Looking at art through the lens of the artist is essential, knowing the time and environment they created in is vital for understanding their work. But experiencing others’ work to grow our own understanding of ourselves is even more valuable. I think I first realized this when I had a drawing teacher send us off to a museum with instructions on how to truly experience it. Ever since that day I’ve reaped the benefits of that assignment every time I encounter art. So of course, I want to share with you these 7 tips for experiencing art at a museum, exhibition, or gallery show. All three of these venues are slightly different experiences and have different things to recommend them, but all can be approached in this same way. In fact, these tips work no matter where you may encounter art.
Museum, Exhibition or Gallery?
Back when I thought being an art history major was a better career choice than being an artist, I spent hours compiling lists of art museums and galleries I’d like to visit someday. The cities of Florence, Rome, Paris, New York, and London were high on my list since they made it onto my list the most frequently.
During my classes, I’d listen to my professors talking about sitting in front of Monet’s Water Lilies paintings at MoMa and feeling overcome. Of being speechless while gazing at the ceiling of the Sistine Chapel or standing next to the horses at the top of St. Mark’s Basilica and enjoying the view of Venice.
My 20 yr-old-self yearned for those experiences. What I didn’t realize was that when I traveled to view these masterpieces, I would also have the joy of discovering the small local artists, who haven’t found their way into an art history textbook quite yet.
Seeing Art is Much Different then Seeing Pictures of Art.
Just a few days ago, I returned from the south of France. My mom and I took the trip together. We both love going to museums, festivals, and art fairs, so this trip was our time to indulge in those experiences. It didn’t disappoint. At the Musee des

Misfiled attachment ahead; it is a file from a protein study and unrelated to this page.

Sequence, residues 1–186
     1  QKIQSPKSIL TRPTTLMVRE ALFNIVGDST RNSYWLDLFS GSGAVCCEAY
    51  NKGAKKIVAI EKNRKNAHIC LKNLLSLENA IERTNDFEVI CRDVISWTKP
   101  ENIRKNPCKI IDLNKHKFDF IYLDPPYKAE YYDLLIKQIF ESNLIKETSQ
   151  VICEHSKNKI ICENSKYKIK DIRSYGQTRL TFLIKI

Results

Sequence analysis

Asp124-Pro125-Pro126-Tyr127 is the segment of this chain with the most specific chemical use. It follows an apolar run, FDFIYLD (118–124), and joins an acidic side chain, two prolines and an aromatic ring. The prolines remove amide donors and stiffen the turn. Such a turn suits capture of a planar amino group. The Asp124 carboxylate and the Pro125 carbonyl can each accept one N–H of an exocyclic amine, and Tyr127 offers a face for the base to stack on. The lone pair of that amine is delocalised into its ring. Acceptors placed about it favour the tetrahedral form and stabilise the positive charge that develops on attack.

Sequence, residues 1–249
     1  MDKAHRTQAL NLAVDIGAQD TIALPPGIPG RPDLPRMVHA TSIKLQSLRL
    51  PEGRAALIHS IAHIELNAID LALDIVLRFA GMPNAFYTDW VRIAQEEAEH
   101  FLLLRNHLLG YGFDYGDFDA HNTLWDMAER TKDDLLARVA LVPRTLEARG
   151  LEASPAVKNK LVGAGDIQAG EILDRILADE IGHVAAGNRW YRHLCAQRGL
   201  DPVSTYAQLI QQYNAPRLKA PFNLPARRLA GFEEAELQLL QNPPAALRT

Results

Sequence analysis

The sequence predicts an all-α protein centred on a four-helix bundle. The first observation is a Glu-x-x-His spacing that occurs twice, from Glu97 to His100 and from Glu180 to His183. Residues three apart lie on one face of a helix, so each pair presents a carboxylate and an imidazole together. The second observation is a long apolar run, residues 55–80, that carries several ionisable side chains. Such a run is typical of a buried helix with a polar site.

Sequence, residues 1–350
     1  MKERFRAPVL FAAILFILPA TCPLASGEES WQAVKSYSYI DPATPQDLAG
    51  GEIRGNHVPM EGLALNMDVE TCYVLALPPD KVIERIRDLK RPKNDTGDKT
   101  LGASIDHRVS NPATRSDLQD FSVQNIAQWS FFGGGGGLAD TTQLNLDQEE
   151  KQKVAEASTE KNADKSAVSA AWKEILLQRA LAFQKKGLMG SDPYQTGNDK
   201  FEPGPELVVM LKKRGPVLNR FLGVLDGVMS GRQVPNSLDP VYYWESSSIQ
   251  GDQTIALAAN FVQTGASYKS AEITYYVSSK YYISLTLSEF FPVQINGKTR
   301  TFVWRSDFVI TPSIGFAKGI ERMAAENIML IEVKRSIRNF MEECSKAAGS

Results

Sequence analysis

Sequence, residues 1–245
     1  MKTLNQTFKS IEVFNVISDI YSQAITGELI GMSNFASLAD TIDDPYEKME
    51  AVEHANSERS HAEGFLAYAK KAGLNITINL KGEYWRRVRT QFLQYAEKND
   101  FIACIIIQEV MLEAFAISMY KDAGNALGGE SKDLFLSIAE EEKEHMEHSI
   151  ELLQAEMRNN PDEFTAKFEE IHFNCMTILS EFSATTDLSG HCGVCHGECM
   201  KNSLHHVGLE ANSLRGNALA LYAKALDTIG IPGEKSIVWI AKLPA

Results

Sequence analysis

It’s just different in real life. When you view a work of art personally, you have an emotional and visceral reaction to it. This connects you to it in a way that a photo in a book would not.
Discovering Art on the Side Streets.
Two of my favorite unexpected art experiences of the trip were when I stumbled upon local, contemporary art. Contemporary art is defined as artists that are alive and working or are of the present. One was a temporary “pop-up” exhibition of painters in Lyon.
Another was a small contemporary art boutique for ceramic artists in Vienne called Terre d’art. Galleries and boutiques can often be a little intimidating. But if you like attending art shows, and art studio tours, then a local artist collection is a total find. It’s a chance to see work by lesser-known artists of today that are influenced by much of the same things as we are.
Terre d’art in Vienne was a delight to find. It had a large variety of different artists that were all uniquely interpreting their medium. Each artist’s work is grouped independently. So you really get a sense of what that artist’s style is and what they are interested in. The shop itself was engaging and invited you to walk around and make discoveries.
Connecting the Art You See to the Art You Make.
Since I’m currently taking a sculpture class, I loved the clever little tongue in cheek sculptures by Corinne Volatier. As well as the elegant figure studies by Marie Agnes Branche and Stephanie Besson. Discovering what you personally like best means that you find out you have opinions on what you see. Which connects you emotionally to the work you are viewing.